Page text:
U.S. OpenJune 14, 2017

U.S. Open Wednesday rundown: Fescue cut, Spieth's prediction, and Phil's unfavorable weather forecast

U.S. Open - Preview Day 2
Streeter Lecka(Photo by Streeter Lecka/Getty Images)

Welcome to the Dew Sweeper's U.S. Open rundown, your one-stop shop to catch up on the weekend action from the golf world. From the professional tours, trending news, social media headlines and upcoming events, here's every golf-related thing you need to know for the morning of June 14.

Infamous fescue gets a haircut

Phil Mickelson flight plans aside, the most prominent storyline in the early week has centered on Erin Hills' fescue and its perceived brutality, a stance that received considerable airplay thanks to a viral rant from Kevin Na. So when maintenance crews trimmed the heather in multiple areas throughout the course on Tuesday morning, the move caught many by surprise.

According to the USGA, this was not in response to player complaints. Conversely, given the organization's desire to avoid any controversy this tournament, it's hard not to connect the dots.

But don't worry, the mowing was focused on just four holes, meaning there's still plenty of chances for Lee Westwood and his caddie to scare the bejesus out of unsuspecting fans this week.

Spieth's winning prediction

Most sportsbooks have a -220 figure for an under-par winning score, with the over/under hovering at -2.5. If you're seeking gambling advice, 2015 U.S. Open champ Jordan Spieth says bet on red, and lots of it.

"I don't see par winning the tournament," the 23-year-old said on Tuesday. "I see closer to 5-to-10 under. Someone who has very good control of the ball off the tee will have plenty of opportunities to make birdies, given the conditions that we're expecting."

While this tournament has historically aspired to protect par, the winning mark has been four under or better in five of the last eight events. As Spieth alluded, the weather projections are calling for the second coming of Noah's Ark on Wednesday, Friday and Saturday, conferring an aggressive approach usually unseen at the U.S. Open. Combined with Erin Hills' relatively tame greens (at least from an undulation viewpoint), envision a fair share of fireworks.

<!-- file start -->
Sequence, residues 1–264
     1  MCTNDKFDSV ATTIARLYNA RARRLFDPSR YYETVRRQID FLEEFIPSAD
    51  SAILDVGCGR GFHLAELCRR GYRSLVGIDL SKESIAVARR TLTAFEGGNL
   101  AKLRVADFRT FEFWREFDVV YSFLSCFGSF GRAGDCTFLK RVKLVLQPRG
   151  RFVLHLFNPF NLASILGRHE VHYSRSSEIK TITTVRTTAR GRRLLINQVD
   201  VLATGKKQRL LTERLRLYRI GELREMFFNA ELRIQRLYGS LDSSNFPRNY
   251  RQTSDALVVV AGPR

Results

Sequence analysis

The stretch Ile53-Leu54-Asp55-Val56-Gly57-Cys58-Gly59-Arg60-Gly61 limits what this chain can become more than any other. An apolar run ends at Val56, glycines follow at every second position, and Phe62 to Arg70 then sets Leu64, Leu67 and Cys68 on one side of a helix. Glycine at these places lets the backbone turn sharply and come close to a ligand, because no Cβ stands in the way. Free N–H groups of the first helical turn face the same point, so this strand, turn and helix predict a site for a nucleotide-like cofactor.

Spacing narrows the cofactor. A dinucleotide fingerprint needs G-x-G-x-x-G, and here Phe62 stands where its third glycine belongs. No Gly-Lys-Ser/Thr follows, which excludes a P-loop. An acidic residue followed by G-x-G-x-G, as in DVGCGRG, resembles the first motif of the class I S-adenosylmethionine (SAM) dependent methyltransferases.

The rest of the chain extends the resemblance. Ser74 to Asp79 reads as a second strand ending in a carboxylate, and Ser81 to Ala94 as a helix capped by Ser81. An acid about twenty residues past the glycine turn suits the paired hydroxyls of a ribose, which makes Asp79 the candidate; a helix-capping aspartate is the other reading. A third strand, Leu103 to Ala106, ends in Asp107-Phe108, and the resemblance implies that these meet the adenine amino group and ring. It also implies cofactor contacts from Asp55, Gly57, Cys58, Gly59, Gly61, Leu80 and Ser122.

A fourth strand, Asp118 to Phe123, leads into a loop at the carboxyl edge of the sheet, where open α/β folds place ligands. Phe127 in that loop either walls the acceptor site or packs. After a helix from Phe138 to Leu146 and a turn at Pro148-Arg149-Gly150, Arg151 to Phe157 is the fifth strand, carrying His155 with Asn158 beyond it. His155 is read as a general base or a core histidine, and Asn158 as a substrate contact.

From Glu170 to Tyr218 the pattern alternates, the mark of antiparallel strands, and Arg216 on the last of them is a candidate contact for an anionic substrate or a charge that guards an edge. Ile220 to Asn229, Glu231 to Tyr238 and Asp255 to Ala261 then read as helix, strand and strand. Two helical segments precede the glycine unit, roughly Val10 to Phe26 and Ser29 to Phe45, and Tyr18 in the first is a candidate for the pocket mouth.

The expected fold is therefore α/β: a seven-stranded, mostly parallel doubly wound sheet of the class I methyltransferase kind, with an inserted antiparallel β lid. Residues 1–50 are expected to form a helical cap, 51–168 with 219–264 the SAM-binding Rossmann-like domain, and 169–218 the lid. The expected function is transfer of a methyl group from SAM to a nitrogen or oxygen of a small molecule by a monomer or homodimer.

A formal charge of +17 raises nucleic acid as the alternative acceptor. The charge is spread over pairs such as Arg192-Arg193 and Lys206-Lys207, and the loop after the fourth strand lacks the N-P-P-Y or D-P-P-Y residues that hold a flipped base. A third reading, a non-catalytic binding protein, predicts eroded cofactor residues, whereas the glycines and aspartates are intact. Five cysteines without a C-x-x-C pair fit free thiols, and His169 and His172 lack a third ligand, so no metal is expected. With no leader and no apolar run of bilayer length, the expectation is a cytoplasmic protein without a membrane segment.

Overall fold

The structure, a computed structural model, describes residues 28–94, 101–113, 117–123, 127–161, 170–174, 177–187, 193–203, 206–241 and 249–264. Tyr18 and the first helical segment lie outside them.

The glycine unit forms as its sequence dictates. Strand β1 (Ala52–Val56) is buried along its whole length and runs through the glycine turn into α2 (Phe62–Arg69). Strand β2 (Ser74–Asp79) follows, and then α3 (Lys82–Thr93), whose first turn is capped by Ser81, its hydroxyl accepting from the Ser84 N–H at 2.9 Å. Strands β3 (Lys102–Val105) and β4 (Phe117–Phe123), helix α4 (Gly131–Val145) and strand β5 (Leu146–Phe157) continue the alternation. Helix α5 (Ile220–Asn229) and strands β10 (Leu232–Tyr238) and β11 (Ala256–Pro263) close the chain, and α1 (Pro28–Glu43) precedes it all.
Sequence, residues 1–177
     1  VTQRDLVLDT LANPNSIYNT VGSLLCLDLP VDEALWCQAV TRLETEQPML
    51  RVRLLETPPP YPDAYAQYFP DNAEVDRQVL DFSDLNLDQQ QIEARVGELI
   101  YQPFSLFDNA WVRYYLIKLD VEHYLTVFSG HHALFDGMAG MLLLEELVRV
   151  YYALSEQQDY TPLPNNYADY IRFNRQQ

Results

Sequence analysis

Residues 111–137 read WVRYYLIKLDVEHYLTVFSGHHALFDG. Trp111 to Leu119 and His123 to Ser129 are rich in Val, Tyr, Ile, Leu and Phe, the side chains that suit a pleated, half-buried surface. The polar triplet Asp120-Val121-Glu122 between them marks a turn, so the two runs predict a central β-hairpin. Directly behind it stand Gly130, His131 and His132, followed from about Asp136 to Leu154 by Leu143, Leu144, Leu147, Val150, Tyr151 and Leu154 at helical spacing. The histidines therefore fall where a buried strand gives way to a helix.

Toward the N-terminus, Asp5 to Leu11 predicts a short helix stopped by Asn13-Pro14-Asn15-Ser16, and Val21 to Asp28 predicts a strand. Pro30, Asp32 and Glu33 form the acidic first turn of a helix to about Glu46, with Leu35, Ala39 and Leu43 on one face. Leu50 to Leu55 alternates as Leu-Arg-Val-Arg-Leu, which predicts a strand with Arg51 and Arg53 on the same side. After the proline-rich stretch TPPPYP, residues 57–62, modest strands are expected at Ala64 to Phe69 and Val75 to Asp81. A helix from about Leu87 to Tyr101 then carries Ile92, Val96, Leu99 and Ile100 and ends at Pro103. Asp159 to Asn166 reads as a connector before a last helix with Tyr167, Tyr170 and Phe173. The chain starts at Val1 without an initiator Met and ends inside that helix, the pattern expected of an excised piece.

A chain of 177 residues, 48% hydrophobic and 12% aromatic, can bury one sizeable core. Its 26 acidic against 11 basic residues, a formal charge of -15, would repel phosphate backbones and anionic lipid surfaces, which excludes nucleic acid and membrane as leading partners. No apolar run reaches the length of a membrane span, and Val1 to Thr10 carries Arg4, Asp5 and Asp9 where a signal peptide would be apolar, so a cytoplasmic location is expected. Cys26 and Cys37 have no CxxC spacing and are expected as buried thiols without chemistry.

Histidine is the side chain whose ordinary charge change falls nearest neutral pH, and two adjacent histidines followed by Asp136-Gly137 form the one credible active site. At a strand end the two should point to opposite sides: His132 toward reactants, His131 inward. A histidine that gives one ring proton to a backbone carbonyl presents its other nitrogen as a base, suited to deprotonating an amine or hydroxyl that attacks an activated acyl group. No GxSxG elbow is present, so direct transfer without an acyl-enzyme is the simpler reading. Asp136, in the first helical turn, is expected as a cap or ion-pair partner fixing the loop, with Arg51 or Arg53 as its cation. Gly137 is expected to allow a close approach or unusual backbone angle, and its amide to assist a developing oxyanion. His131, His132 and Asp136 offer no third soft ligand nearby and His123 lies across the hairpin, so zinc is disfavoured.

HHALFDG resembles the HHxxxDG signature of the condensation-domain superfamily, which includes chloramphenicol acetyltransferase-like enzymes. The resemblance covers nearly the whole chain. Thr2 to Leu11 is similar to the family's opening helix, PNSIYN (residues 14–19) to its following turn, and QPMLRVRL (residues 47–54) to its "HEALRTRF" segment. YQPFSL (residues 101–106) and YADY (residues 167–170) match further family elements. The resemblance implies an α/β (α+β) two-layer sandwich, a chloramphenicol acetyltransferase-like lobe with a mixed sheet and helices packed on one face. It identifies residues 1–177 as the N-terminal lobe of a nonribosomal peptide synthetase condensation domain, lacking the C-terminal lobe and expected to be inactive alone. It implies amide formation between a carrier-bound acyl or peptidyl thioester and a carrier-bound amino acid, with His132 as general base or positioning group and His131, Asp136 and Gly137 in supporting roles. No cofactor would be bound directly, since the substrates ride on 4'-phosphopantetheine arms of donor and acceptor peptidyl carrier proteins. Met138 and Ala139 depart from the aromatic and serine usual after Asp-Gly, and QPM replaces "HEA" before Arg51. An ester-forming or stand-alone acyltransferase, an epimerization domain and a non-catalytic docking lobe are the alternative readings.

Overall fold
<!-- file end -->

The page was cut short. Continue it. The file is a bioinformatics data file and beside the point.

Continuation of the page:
Speaking of weather reading...

The forecast looks unfavorable...for Phil

The only thing more unreliable than men is a weather report (amirite, ladies?), but the models as of Tuesday night aren't painting the four-hour delay Phil Mickelson needs to make his tee time. From accuweather.com:

Which is a shame, because I already penned the screenplay, "Getting On Plane" based on Phil dramatically showing up to the first tee Thursday night, only to realize he couldn't miss out on his daughter's graduation afterparty, hopping back on the private jet...and into our hearts.

Hey, there's still hope.

No. 1's in the building

One player that is on site is Dustin Johnson. The reigning U.S. Open winner, who notoriously missed this year's Masters following an accident on basement steps, arrived to Erin Hills late Tuesday after his fiancée Paulina Gretzky welcomed the couple's second child on Monday night. Johnson, who has three wins and six top 10s in 11 appearances this season, played a practice round on the front nine with Brooks Koepka, showing little rust from the eventful night. He begins as tournament favorite at 13/2 odds.

Rory ready to let it rip

For the No. 2 player in the world, Rory McIlroy is entering Erin Hills with little fanfare. Although he's a past Open winner, his results since his triumph at Congressional -- one top 20 (T-9 at Chambers Bay) and two missed cuts in five outings -- are perplexing. The four-time major winner is also assimilating to his recent equipment switch, which includes inserting a new putter in his bag this week. But of greater concern is McIlroy's health, as injuries that had sidelined the 28-year-old for two months this campaign returned at the Players Championship.

Or should we say, "was" a concern.

"No limitations on my swing whatsoever," McIlroy said, regarding the status of his back and rib alignments. "Preparation-wise, I may be -- instead of hitting five bags of balls, I'll hit two, just something like that. It's not as if I can't hit balls, it's just a matter of managing how many repetitions I put through it. I mean not really many limitations."

Mentioned above, McIlroy has fallen by the wayside to Johnson, Spieth, Jason Day and even Jon Rahm in discussion of tournament picks. But wet conditions will stretch Erin Hills' 7,800 yards even farther, benefiting a chosen few, Rory one of them. (As he pointed out, "I wasn't crying when I saw that rain last night and this morning.") Don't be surprised if McIlroy reminds us this week that he remains one of golf's best.


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